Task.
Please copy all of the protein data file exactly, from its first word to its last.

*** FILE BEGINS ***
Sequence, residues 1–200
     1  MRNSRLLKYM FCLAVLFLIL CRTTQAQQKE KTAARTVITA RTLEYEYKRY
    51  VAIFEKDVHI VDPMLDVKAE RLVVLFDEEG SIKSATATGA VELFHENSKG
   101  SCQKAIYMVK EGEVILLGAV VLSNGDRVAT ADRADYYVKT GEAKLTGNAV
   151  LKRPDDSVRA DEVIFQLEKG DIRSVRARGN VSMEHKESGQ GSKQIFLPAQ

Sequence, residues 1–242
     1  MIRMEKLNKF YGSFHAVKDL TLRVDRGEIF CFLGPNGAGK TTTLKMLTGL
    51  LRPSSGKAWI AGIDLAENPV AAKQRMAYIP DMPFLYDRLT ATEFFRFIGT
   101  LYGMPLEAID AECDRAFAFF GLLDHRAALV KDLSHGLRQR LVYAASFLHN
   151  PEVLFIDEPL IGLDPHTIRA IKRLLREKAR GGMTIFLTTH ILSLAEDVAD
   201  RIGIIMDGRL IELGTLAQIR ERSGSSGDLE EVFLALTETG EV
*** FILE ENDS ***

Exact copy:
Sequence, residues 1–200
     1  MRNSRLLKYM FCLAVLFLIL CRTTQAQQKE KTAARTVITA RTLEYEYKRY
    51  VAIFEKDVHI VDPMLDVKAE RLVVLFDEEG SIKSATATGA VELFHENSKG
   101  SCQKAIYMVK EGEVILLGAV VLSNGDRVAT ADRADYYVKT GEAKLTGNAV
   151  LKRPDDSVRA DEVIFQLEKG DIRSVRARGN VSMEHKESGQ GSKQIFLPAQ

Sequence, residues 1–242
     1  MIRMEKLNKF YGSFHAVKDL TLRVDRGEIF CFLGPNGAGK TTTLKMLTGL
    51  LRPSSGKAWI AGIDLAENPV AAKQRMAYIP DMPFLYDRLT ATEFFRFIGT
   101  LYGMPLEAID AECDRAFAFF GLLDHRAALV KDLSHGLRQR LVYAASFLHN
   151  PEVLFIDEPL IGLDPHTIRA IKRLLREKAR GGMTIFLTTH ILSLAEDVAD
   201  RIGIIMDGRL IELGTLAQIR ERSGSSGDLE EVFLALTETG EV